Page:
Worried scientist says South Africa will probably experience covid-19 spikes into 2022
London, June 25, 2020 (AltAfrica)-South Africa is only experiencing the first Covid-19 wave and will probably experience two to three more waves of the pandemic right into 2022, top scientist Professor Shabir Madhi said on Wednesday.
“South Africa is not in a second spike, we are still in the first wave of the pandemic. We are probably going to experience three to four waves, probably right into 2022 at this rate,” Madhi said at a MyHealthTV.com webinar on Wednesday
Confirmed Covid-19 cases in South Africa rose on Wednesday to 111 796, with 103 more deaths. The country recorded more than 100 Covid-19-related deaths for the second consecutive day, bringing the total number of deaths to 2 205, Health Minister Zweli Mkhize said on Wednesday.
Madhi is Professor of Vaccinology at the University of the Witwatersrand and the director of the Medical Research Council Respiratory and Meningeal Pathogens Research Unit.
The scientist is leading the study on South Africa’s first Covid-19 vaccine trial which will see 2 000 participants enrolled with an aim of finding a vaccine that will prevent SARS-CoV-2 infection, which is the virus that causes Covid-19.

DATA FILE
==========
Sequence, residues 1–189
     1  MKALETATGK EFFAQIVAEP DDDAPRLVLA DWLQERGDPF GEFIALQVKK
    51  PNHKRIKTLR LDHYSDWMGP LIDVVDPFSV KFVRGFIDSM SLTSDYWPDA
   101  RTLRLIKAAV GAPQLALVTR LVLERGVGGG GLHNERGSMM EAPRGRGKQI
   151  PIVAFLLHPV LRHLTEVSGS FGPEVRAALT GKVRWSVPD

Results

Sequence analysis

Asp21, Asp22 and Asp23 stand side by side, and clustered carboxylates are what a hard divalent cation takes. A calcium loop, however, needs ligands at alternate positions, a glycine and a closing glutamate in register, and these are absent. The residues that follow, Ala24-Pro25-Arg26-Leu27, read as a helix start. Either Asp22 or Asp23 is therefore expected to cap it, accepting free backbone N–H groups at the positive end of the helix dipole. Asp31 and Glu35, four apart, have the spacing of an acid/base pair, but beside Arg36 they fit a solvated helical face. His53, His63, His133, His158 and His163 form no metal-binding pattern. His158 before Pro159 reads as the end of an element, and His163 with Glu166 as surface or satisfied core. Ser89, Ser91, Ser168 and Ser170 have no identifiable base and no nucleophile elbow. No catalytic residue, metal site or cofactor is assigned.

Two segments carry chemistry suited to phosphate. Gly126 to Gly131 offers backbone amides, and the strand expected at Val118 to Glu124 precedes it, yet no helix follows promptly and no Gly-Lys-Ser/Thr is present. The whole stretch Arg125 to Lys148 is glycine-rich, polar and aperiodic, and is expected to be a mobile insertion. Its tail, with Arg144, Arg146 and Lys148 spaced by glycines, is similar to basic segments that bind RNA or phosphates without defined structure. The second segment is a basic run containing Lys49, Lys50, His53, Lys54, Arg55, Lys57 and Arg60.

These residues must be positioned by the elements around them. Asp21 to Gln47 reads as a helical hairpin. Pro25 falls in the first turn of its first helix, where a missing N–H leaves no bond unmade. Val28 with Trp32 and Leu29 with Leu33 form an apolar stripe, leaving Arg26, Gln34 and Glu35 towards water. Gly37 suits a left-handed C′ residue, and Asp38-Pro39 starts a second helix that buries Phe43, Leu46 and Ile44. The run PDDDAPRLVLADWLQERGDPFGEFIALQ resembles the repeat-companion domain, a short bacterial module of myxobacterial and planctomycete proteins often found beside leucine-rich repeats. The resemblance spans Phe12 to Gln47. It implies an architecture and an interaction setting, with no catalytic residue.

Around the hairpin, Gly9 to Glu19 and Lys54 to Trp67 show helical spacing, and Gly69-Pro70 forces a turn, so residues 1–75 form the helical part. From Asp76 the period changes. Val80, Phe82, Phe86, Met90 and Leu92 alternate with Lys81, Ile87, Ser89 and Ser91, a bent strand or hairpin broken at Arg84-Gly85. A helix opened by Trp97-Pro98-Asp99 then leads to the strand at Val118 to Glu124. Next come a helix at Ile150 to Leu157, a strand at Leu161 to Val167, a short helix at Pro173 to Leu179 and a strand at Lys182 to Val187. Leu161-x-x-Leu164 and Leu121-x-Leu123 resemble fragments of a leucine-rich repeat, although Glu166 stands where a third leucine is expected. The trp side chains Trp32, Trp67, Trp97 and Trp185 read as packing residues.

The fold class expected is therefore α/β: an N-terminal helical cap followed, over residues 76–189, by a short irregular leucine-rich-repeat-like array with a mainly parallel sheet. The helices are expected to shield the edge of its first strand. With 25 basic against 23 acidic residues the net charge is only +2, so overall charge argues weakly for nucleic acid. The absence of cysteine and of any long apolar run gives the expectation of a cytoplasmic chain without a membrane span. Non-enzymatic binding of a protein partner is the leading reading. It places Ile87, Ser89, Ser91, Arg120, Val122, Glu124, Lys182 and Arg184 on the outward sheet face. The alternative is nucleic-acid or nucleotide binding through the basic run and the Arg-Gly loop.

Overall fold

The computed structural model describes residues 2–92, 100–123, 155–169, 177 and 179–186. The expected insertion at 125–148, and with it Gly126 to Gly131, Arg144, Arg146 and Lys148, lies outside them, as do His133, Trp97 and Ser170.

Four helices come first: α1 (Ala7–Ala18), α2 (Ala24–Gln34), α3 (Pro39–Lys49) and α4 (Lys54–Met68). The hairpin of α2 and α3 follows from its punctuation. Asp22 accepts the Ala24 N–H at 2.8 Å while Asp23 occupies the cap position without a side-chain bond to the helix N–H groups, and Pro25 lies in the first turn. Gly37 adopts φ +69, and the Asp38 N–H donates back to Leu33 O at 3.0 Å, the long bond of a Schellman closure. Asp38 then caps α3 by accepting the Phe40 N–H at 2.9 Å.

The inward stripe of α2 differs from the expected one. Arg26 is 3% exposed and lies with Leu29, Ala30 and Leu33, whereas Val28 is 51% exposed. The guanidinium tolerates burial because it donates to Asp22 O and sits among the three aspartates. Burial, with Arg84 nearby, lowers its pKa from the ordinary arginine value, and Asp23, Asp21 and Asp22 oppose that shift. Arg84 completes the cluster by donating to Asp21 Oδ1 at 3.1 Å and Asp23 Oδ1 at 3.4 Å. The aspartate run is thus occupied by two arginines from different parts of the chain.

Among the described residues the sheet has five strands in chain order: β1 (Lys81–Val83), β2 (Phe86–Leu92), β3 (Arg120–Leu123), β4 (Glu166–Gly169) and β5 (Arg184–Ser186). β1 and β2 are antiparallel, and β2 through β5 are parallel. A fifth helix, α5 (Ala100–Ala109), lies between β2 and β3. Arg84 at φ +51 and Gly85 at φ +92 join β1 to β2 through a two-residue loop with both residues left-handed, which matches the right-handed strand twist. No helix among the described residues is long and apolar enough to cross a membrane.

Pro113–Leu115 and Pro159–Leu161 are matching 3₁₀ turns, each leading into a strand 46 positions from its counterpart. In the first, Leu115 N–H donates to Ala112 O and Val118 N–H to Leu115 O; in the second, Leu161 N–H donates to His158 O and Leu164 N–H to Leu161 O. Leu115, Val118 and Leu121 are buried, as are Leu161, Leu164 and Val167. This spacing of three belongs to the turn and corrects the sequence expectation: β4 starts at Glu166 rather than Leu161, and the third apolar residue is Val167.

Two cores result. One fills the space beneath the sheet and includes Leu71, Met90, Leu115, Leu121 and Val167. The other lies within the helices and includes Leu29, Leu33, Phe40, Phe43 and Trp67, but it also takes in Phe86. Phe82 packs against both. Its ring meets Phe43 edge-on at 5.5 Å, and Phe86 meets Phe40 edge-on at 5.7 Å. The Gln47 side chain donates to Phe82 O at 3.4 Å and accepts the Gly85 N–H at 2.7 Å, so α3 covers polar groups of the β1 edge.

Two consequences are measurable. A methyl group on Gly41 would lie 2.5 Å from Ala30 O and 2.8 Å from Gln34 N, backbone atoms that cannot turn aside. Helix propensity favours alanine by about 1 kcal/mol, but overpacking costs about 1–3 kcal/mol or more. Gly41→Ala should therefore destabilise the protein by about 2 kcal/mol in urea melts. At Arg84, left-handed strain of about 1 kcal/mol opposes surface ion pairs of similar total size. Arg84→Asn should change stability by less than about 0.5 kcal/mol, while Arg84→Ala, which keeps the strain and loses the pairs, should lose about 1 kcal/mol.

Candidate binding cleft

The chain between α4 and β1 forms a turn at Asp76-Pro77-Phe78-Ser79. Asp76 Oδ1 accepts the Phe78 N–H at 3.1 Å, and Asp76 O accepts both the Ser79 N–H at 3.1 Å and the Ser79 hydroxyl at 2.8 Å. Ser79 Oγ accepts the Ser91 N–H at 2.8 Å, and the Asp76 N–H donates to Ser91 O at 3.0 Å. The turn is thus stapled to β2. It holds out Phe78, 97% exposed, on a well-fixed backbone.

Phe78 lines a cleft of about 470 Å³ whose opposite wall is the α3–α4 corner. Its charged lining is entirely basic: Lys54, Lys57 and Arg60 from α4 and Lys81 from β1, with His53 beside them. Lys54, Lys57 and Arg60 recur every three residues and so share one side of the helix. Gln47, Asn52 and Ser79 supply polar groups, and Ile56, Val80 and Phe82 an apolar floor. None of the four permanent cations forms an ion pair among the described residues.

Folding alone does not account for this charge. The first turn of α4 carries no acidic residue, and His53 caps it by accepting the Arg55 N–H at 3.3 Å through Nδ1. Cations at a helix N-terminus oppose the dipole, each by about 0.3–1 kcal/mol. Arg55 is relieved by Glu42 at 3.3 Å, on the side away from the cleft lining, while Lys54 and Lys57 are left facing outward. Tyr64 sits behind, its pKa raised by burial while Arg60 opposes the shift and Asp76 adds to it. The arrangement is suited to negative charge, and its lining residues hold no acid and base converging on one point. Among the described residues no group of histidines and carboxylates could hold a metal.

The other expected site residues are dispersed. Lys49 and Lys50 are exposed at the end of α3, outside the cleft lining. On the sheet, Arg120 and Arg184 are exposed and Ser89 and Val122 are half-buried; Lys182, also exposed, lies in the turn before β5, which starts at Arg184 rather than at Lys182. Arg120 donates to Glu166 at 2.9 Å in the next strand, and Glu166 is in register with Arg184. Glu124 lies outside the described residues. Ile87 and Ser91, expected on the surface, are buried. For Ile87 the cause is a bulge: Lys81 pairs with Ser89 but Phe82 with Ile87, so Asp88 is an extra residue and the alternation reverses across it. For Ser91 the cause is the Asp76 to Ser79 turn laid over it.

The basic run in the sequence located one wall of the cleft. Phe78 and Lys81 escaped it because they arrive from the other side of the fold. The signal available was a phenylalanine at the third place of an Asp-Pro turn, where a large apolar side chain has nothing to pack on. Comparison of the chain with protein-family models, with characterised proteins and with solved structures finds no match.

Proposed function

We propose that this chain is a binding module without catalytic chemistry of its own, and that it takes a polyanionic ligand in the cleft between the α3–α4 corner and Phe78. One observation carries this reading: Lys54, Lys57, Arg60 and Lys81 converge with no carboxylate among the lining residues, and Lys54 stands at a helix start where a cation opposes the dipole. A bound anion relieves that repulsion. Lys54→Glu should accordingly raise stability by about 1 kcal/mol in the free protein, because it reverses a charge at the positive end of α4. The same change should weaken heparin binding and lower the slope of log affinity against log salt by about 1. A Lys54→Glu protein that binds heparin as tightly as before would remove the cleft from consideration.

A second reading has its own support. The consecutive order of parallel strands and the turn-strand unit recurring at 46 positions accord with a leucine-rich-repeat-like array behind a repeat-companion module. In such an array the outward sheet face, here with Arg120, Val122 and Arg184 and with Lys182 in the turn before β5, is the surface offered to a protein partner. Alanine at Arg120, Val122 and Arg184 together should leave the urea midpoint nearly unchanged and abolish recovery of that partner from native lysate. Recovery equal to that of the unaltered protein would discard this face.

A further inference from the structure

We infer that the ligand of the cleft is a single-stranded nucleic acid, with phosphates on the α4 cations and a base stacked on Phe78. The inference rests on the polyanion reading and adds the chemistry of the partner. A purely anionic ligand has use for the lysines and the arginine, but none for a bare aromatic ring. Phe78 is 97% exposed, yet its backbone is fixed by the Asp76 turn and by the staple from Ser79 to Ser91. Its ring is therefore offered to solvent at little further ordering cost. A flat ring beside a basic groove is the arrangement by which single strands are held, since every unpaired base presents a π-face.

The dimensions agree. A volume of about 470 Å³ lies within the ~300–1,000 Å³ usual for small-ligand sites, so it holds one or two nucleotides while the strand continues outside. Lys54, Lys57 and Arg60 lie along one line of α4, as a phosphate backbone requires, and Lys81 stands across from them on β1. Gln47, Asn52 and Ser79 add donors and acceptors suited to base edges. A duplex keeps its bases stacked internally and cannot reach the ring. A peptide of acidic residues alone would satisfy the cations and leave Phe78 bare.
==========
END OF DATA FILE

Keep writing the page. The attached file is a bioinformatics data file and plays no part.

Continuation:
Currently, South Africa has breached over 100 000 cases. As of Tuesday, the country had 106 108 cases of Covid-19, with 55 045 recoveries and 2 102 deaths.
Peak dependent on the behavior of South Africans – Madhi
When Madhi described what the peak of infections would look like in the country, he explained that this would be dependent on the behaviour of South Africans.
“It is not dependent on any policy government comes up with, it is not dependent on whatever level of lockdown we are at, it is completely dependent on the behavior of South Africans,” he argued.
Madhi further stated that, in countries where there has been a waning of the outbreak, it has been based on lockdowns and citizens of that country.
“It’s been based because of lockdowns, but more important than that, it was about citizens of the country adhering to the non-pharmaceutical interventions which we now know are effective in terms of reducing the rate of the transmission of the virus.
“What I am referring to is things such as completely avoiding mass gatherings, ensuring physical distancing, the use of surgical face masks – those three are the most important tools that we have got available in our tool box to be able to slow the rate of infection. It does not mean that it is going to provide 100% protection against becoming infected, but it will slow the rate of the transmission of the virus and that will allow for the peak to be at a lower amplitude compared to if we do not adhere to interventions,” he explained.
He further said that lack of adherence would lead to the crippling of healthcare services which was “already occurring in the Eastern Cape and the Western Cape”.
Madhi is of the view that the only way to mitigate this is to slow the rate of the transmission of the virus.
“[The lockdown slowed] the epidemic but we still continued with an increase in the number of cases but now that the lockdown has been lifted and people are not adhering to non-pharmaceutical interventions we are seeing an acceleration in terms of the rate of infection which is resulting in what is being experience right now,” he said.